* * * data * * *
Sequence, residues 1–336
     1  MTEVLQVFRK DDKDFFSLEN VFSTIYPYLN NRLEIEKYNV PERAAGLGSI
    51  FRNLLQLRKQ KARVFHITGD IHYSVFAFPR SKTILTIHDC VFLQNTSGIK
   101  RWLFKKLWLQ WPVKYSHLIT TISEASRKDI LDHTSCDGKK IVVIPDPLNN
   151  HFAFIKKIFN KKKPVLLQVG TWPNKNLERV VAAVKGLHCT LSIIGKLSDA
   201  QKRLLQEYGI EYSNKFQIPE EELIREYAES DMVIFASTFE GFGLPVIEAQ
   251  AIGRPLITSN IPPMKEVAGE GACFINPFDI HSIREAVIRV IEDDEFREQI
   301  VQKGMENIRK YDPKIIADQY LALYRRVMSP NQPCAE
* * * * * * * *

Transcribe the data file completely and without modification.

Sequence, residues 1–336
     1  MTEVLQVFRK DDKDFFSLEN VFSTIYPYLN NRLEIEKYNV PERAAGLGSI
    51  FRNLLQLRKQ KARVFHITGD IHYSVFAFPR SKTILTIHDC VFLQNTSGIK
   101  RWLFKKLWLQ WPVKYSHLIT TISEASRKDI LDHTSCDGKK IVVIPDPLNN
   151  HFAFIKKIFN KKKPVLLQVG TWPNKNLERV VAAVKGLHCT LSIIGKLSDA
   201  QKRLLQEYGI EYSNKFQIPE EELIREYAES DMVIFASTFE GFGLPVIEAQ
   251  AIGRPLITSN IPPMKEVAGE GACFINPFDI HSIREAVIRV IEDDEFREQI
   301  VQKGMENIRK YDPKIIADQY LALYRRVMSP NQPCAE